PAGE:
3. A third reason stated is that because horse breeders in the last decade have succeeded in producing such large and powerful horses, new and more powerful methods are required for their control. (It's because they suck ass at riding, they should go back to their S & M chambers) This argument, born of a misunderstanding of horse behavior and the belief that greater pain equates with greater control, is no more valid today than it was in medieval times when it was thought that in order to control the big warhorses that had been bred, larger and fiercer curb bits were needed. Over-bending has a long history. It is repeatedly illustrated on the Bayeux tapestry, embroidered c.1080. But successful communication between horse and rider comes from cooperation not coercion. We should be seeking methods of communication, not control. The smallest of horses cannot be controlled by a rider's force or by conditions that are incompatible with equine exercise physiology and psychology.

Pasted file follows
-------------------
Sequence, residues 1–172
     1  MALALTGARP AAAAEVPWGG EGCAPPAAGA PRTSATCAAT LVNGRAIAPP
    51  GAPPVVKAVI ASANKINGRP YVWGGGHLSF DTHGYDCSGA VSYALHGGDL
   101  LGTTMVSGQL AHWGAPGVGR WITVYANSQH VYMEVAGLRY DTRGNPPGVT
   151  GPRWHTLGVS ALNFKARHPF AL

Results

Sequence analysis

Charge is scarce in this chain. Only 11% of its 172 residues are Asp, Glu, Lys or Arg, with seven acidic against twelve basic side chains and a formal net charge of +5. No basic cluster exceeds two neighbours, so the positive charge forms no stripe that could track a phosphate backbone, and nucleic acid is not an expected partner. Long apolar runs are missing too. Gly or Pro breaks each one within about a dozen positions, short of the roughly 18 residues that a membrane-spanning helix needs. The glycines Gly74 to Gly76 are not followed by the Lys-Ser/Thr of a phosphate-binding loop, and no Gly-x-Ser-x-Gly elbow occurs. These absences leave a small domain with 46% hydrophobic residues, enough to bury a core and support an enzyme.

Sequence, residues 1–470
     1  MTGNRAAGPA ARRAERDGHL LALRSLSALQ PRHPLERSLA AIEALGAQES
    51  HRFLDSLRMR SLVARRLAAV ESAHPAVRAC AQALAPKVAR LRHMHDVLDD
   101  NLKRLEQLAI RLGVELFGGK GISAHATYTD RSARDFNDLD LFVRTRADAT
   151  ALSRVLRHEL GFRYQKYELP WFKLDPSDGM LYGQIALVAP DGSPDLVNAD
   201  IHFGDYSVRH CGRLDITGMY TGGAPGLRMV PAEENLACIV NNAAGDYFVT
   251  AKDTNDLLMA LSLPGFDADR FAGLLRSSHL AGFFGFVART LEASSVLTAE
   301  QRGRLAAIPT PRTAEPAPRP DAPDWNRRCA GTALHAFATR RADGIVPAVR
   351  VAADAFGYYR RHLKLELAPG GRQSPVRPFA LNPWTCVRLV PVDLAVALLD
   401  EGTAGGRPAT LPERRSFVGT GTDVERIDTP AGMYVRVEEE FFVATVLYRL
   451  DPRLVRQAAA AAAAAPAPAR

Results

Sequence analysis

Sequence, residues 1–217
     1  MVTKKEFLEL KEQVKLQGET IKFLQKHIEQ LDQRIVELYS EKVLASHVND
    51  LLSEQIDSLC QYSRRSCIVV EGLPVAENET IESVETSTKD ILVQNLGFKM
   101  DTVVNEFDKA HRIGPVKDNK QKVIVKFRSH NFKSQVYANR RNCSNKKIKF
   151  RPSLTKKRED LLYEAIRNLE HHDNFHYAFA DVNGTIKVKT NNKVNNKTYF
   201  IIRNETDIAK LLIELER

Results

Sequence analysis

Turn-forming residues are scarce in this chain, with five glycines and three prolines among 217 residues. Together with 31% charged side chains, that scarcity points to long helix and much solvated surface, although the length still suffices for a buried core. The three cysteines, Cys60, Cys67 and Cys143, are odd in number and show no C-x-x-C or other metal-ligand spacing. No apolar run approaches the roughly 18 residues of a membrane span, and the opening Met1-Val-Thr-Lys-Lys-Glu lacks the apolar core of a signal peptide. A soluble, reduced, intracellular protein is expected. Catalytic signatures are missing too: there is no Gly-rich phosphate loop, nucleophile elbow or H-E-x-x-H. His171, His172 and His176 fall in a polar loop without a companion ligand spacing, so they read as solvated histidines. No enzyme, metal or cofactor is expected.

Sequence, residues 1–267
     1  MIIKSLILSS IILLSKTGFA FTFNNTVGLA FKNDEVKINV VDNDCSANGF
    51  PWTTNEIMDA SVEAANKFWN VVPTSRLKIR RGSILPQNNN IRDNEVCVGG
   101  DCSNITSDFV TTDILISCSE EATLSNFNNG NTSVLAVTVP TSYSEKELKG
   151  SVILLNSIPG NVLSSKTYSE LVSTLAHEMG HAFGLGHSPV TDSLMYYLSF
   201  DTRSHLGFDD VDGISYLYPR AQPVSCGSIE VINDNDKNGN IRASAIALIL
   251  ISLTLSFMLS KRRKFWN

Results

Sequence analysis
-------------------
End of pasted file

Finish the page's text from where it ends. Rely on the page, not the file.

4. An unstated reason that may be connected with the one above is that 30 minutes of warm-up exercise in the over-bent position will cause fatigue and render some horses easier to control in the arena (Again you suck ass at riding).
That is truly torture like I've never seen! Now it IS against FEI rules, and also the racing and jumping industry is trying to put the kibosh on it, but it's a tricky thing to regulate when people school like this at home for hours... Trust me when I tell you that there is a VERY special place in Hell for you. And I hope you burn well there...